Hikes in Philippine History #5: An account of a hike up Mt. Banahaw in 1842

Dr. Charles Pickering
(1805-1878)

annotated by Gideon Lasco

From the “Manila and Sulu in 1842” narrative by US Com. Chas. Wilkes, U.S.N. 459, volume 5 of his “Narrative of U. S. Exploring Expedition 1838-42”, we find an account of a hike up Mt. Banahaw by two members of the expedition, Dr. Charles Pickering and Lieutenant Henry Eld. Charles Pickering himself gives an account in his The Races of Man”, and I have the pleasure of presenting both their accounts here as part of our “Hikes in Philippine History” series. 


Interesting here is the use of the word “Maijaijai” to refer to the volcano, and the archaic spelling of Banahaw, “Banajao”. Also of interest is the fact that there is a small hut at the summit, and that there is an inhabited half-way point some three hours away from the peak. Is this the Tatlong Tangke Trail?


AN ACCOUNT BY COMMODORE WILKES

About noon they left Don Escudero’s, and took a road leading to the
southward and eastward, through a luxuriant and beautiful country,
well cultivated, and ornamented with lofty coconut trees, betel
palms, and banana groves. Several beautiful valleys were passed,
with streamlets rushing through them.

Maijaijai is situated about one thousand feet above the Laguna de Bay,
but the rise is so gradual that it was almost imperceptible.

The
country has everywhere the appearance of being densely peopled;
but no more than one village was passed between Santa Cruz and the
mission. They had letters to F. Antonio Romana y Aranda, padre of
the mission, who received them kindly, and entertained them most
hospitably.

Climbing Banajao
When he was told of their intention
to visit the mountain, he said it was impossible with such weather,
pointing to the black clouds that then enveloped its summit; and he
endeavoured to persuade the gentlemen to desist from what appeared
to him a mad attempt; but finding them resolved to make the trial,
he aided in making all the necessary preparations, though he had no
belief in their success.

On the morning of the 27th, after mass, Mr. Eld and Dr. Pickering
set out, but Mr. Sturges preferred to keep the good padre company
until their return. The padre had provided them with guides, horses,
twenty natives, and provisions for three days. He had been himself
on the same laborious journey, some six months before, and knew its
fatigues, although it turned out afterwards that his expedition was
performed in fine weather, and that he had been borne on a litter by
natives the whole way.

The first part of the road was wet and miry, and discouraging
enough. The soil was exceedingly rich, producing tropical plants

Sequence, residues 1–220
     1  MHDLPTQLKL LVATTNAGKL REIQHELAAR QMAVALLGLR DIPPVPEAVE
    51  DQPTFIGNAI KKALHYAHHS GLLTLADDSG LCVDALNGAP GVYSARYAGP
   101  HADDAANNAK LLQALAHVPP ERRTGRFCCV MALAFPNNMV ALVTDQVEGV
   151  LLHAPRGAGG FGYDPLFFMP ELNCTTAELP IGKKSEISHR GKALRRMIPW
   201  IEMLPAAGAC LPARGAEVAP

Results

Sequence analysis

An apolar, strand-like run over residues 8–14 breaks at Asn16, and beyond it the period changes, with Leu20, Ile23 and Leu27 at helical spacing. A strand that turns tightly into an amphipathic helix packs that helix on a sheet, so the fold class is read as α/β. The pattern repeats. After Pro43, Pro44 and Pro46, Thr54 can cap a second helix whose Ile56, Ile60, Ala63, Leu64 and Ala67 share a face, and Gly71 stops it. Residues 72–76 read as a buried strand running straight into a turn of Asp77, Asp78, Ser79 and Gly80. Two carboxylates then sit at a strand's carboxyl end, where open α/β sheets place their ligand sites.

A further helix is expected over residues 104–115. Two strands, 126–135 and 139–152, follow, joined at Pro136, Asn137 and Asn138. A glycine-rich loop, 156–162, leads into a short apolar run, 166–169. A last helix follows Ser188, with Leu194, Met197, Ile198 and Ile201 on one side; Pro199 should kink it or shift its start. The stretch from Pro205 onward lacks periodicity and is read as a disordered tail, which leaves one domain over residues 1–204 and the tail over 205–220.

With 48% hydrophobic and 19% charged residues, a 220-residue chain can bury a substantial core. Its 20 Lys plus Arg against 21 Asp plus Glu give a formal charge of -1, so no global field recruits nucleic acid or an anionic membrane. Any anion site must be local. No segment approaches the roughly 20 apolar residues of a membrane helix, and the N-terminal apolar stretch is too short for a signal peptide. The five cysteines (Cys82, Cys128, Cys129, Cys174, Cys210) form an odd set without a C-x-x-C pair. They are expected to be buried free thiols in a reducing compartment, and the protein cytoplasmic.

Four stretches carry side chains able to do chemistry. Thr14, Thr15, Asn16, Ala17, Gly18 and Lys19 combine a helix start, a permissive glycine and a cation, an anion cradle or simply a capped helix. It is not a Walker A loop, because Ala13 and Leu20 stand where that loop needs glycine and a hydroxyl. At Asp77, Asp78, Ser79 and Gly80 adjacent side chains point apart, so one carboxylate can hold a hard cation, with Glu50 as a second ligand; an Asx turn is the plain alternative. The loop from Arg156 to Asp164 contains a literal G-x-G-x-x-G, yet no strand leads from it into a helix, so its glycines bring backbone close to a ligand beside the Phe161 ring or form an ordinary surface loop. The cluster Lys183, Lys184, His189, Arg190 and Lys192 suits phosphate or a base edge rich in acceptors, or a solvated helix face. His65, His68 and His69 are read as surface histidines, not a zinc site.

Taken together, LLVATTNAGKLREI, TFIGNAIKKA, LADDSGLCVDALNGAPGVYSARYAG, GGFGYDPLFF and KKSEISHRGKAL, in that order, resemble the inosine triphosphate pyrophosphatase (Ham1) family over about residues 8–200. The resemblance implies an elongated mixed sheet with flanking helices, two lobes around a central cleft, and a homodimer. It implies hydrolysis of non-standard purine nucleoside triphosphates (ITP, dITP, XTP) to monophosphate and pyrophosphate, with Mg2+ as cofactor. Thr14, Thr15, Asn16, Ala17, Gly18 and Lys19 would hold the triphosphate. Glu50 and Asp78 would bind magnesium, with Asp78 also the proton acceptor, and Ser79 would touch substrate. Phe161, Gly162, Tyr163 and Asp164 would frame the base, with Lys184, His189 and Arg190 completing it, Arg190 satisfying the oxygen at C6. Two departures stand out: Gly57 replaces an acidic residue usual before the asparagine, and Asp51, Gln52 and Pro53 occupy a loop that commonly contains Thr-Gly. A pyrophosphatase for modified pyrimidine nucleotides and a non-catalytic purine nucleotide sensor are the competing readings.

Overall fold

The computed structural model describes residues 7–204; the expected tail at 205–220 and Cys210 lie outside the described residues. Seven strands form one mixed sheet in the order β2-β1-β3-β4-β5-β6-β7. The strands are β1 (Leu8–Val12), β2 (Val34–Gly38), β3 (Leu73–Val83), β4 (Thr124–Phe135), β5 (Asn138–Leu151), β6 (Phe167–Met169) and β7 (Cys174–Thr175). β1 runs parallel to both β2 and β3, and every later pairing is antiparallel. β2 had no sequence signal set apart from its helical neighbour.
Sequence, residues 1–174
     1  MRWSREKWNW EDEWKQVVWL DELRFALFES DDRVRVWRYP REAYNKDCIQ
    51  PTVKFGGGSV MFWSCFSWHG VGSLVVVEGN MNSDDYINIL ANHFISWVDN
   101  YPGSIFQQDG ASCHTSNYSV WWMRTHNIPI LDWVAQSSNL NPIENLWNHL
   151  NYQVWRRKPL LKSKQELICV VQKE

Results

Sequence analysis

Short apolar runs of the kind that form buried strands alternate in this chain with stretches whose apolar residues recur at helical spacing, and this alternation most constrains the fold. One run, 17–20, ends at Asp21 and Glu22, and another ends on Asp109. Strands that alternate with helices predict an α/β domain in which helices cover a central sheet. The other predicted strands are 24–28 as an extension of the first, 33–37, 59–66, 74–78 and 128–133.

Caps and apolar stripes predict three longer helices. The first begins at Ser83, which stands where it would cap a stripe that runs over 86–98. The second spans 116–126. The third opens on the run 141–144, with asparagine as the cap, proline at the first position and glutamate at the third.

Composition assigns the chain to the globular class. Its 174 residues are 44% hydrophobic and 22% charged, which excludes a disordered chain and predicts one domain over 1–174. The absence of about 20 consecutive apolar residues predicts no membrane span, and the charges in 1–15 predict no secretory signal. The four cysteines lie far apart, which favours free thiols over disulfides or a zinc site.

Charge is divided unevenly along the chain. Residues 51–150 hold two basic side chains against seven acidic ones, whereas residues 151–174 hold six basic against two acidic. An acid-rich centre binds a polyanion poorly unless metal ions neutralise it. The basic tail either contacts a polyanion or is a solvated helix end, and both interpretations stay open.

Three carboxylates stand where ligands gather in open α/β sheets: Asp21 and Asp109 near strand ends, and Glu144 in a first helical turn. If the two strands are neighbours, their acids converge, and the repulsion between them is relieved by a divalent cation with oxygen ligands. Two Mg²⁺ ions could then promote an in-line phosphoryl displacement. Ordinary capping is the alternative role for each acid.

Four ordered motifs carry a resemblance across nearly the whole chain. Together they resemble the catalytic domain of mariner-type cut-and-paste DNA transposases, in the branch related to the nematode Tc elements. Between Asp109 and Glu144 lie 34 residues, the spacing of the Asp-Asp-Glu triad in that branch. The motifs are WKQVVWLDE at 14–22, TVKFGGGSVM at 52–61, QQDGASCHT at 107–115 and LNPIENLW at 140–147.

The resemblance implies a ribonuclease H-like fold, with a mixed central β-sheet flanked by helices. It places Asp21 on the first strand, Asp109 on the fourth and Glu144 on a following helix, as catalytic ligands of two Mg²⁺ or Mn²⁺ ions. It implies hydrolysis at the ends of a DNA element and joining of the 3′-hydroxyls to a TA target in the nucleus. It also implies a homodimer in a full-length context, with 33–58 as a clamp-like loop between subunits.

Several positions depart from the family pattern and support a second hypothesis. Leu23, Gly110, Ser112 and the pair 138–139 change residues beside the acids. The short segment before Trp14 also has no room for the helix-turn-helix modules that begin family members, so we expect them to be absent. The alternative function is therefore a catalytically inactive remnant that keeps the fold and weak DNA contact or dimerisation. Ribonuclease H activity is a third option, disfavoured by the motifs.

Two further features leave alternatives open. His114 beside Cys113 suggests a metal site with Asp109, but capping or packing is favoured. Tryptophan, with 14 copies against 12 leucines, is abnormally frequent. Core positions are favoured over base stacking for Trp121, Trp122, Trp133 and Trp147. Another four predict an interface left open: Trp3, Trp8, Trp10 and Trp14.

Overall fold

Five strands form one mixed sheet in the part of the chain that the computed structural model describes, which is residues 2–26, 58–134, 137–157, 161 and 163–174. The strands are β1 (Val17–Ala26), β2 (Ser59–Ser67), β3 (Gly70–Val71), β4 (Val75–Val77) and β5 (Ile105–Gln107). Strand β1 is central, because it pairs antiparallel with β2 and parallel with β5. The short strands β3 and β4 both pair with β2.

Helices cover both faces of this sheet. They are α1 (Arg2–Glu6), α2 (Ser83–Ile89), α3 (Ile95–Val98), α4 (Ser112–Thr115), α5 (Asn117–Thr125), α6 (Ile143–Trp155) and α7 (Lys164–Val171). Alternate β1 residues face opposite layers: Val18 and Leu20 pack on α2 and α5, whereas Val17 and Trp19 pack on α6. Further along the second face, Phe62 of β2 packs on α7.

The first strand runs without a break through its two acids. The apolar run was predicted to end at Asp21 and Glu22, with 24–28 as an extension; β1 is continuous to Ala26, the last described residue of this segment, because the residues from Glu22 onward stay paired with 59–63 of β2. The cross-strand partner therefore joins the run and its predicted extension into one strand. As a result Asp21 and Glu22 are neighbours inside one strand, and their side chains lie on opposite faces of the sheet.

in great profusion, in the midst of which were seen the neat bamboo
cottages, with their industrious and cleanly-looking inhabitants. When
they reached the foot of the mountain, they found it was impossible to
ride farther, and were obliged to take to walking, which was, however,
less of a hardship than riding the little rats of horses, covered with
mud and dirt, which were at first deemed useless; but the manner in
which they ascended and maintained themselves on the slippery banks,
surpassed anything they had before witnessed in horseflesh.

The first
part of the ascent of the mountain was gradual, but over a miry path,
which was extremely slippery; and had it not been for the sticks stuck
down by the party of the padre in their former ascent, they would have
found it extremely difficult to overcome; to make it more disagreeable,
it rained all the time.

It took about two hours to reach the steep ascent. The last portion
of their route had been through an uninhabited region, with some
openings in the woods, affording pasture-grounds to a few small herds
of buffalo.

In three hours they reached the half-way house, by a very
steep and regular ascent. Here the natives insisted upon stopping
to cook their breakfast, as they had not yet partaken of anything
through the day. The natives now endeavored to persuade them it was
impracticable to go any farther, or at least to reach the top of the
mountain and return before night.

Our gentlemen lost their patience at
the delay, and after an hour’s endurance of it, resolved to set out
alone. Six of the natives followed them, and by half-past three they
reached the summit, where they found it cold and uncomfortable. The
ascent had been difficult, and was principally accomplished by catching
hold of shrubs and the roots of trees. The summit is comparatively
bare, and not more than fifty feet in width. The side opposite to
that by which they mounted was perpendicular, but owing to the thick